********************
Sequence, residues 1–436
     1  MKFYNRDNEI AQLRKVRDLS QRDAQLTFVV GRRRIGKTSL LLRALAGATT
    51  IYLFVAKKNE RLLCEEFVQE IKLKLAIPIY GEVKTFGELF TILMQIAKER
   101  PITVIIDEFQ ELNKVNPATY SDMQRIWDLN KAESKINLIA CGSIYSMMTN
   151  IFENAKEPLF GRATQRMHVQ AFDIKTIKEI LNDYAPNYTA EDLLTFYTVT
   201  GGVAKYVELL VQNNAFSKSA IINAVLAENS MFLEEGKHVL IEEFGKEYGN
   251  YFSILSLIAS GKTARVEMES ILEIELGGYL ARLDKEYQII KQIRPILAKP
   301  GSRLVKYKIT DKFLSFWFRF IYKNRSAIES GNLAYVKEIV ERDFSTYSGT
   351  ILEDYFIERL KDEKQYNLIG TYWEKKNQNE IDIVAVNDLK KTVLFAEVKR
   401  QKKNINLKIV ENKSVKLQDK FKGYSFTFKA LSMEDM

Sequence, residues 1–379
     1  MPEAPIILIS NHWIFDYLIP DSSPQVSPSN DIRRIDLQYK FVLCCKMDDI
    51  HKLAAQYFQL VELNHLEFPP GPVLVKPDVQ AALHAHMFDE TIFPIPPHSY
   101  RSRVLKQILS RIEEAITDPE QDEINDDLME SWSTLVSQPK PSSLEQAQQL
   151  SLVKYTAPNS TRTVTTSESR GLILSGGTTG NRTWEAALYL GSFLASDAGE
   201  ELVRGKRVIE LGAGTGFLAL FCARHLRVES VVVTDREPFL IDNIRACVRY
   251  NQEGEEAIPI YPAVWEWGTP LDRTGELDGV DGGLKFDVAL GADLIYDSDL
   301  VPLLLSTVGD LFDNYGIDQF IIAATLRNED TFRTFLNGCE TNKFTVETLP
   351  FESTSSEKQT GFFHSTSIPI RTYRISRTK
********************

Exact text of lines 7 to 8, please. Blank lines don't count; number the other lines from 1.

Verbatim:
   251  YFSILSLIAS GKTARVEMES ILEIELGGYL ARLDKEYQII KQIRPILAKP
   301  GSRLVKYKIT DKFLSFWFRF IYKNRSAIES GNLAYVKEIV ERDFSTYSGT